Cop Talk: Weapon Retention is a Life-and-Death Concern


A Cominolli safety retrofitted to GLOCK 17, left, and factory optional
manual safety on S&W M&P series, right.

We must remember every suspect we close with has access to a pistol — ours.

On December 30, 2021, Sergeant Marlene Rittmanic of the Bradley, Illinois Police Department was shot and killed as she begged for her life, and her partner, Officer Tyler Bailey, was shot and wounded. The weapon was Sergeant Rittmanic’s duty pistol, snatched away from her by the murder suspect.

This sort of tragic outcome happens less often than it once did. Thirty years ago, one large East Coast police department’s union determined every officer killed in the line of duty in the agency’s long history had been slain with a snatched service revolver. On the opposite coast, a large sheriff’s department reported roughly half of the murdered deputies in their recent history had been shot with snatched weapons. Nationwide, the commonly quoted figure was approximately 20% of police murdered on duty were slain when the killer gained control of the officer’s weapon.

Weapon-mounted lights require wider holster mouths that can allow something to
reach the trigger. A manual safety is one more “safety net” in that event.

Then and Now

The number of officers killed with their weapons is lower now and is attributable to multiple factors. One is the prevalence of improved security holsters typified by the Safariland series designed by Bill Rogers. Another is the wide adoption of gun-retention techniques pioneered by Jim Lindell in the 1970s at the Kansas City (MO) Regional Police Academy and the National Law Enforcement Training Center. Each of these factors has probably saved as many police lives as the adoption of lightweight daily-wear body armor invented by Richard Davis in the early 1970s.

Another consideration is most uniformed police personnel today carry a TASER in addition to their pistol. The TASER’s similarity to a duty pistol (in shape) and use has been criticized due to a relatively few high-profile shooting cases in which cops accidentally shot people when they thought they were triggering their electronic control device. However, people overlook one advantage of the TASER being shaped and “fired” like a pistol: Handgun-retention techniques also work well for defense against TASER disarms.

Another new trend we must consider is the near-universal adoption of weapon-mounted lights (WML) on uniform-duty pistols. To allow the light’s passage, the holster’s mouth has to be made wider than in the past. This can create a gap sufficient for something narrow — like the spidery-thin finger of a psychotic child or an anorexic female junkie — to enter the holster, press the trigger and fire the gun while it’s still locked in its holster by the security device.

What could prevent that? It may be time to re-examine another “hardware solution” from the past, the on-safe duty pistol.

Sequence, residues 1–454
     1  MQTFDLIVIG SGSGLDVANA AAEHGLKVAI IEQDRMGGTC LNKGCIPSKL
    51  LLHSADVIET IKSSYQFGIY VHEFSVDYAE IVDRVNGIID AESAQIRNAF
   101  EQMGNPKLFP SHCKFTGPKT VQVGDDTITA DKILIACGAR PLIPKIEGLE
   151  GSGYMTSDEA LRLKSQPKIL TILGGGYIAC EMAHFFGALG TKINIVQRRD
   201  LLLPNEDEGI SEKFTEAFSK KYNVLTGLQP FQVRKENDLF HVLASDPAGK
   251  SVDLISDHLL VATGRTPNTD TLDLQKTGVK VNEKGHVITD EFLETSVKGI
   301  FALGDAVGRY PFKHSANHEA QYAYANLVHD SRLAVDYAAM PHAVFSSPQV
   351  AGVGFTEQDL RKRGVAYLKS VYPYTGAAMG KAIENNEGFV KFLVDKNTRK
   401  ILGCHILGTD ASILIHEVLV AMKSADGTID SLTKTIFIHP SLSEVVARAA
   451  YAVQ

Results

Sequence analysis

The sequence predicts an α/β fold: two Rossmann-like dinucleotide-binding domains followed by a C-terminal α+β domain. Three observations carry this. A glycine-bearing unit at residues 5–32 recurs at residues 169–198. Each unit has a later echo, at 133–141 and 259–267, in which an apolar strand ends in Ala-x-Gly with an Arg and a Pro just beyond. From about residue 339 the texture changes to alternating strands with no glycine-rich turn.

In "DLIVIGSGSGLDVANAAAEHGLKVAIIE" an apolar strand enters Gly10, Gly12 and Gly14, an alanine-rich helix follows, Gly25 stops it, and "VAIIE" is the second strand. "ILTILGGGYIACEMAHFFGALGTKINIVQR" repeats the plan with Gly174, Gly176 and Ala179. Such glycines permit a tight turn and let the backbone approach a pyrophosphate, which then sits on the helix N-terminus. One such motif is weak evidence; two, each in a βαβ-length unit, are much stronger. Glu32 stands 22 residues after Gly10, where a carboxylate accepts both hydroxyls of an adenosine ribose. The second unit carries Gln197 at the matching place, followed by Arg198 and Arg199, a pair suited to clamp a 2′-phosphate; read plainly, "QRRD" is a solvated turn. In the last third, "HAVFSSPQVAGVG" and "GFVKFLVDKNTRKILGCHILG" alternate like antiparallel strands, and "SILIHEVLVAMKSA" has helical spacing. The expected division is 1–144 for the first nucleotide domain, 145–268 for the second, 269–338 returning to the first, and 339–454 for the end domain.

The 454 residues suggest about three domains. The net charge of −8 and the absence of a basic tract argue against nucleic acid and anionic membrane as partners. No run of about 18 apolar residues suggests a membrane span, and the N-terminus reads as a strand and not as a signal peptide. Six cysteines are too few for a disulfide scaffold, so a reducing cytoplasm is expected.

Mas believes mandatory cocked and locked carry, seen here on an S&W
1911 .45, is a life-saving feature rather than a bug.

The Thumb Safety

In 1977, a decade after Illinois State Police became the first large domestic L.E. agency to adopt an autoloader, ISP permitted me to research the results. I identified 13 troopers who were alive because they had the S&W Model 39 9mm. Only four were “firepower saves” when they would probably have been killed had they had the old six-shooter; the rest were all disarming incidents. Two or three involved the trooper punching the mag release as he felt the gun leaving his hand, activating the magazine disconnector safety. All the rest were saved because the gun was on-safe, and the would-be cop-killer couldn’t figure out how to activate the pistol. We have seen this many times with other agencies and on-safe duty pistols.

The value of the manual safety seemed to disappear from institutional memory, replaced by the mantra of the KISS (“Keep It Simple, Stupid”) principle. Today, those who realize violence isn’t always straightforward and cops aren’t stupid still have the thumb safety option available. Our most popular striker-fired duty pistol, the GLOCK, can be retrofitted with the thumb safety designed by now-retired Syracuse cop Joe Cominolli and available through Tarnhelm Supply. Our other two most popular striker duty guns, the S&W M&P and the SIG P320, can be ordered from their factories with very ergonomic ambidextrous thumb safeties. In my opinion, on-safe carry is a feature, not a bug, on the currently resurgent 1911 duty pistol. This feature solves the “spider fingers in the security holster” problem and provides another safety net for an officer involved in a life-or-death struggle over their service pistol.

This column is respectfully dedicated to the memory of Sgt. Marlene Rittmanic, Bradley (IL) PD.

For more info:

Subscribe To American Handgunner

Purchase A PDF Download Of The American Handgunner Jan/Feb 2023 Issue Now!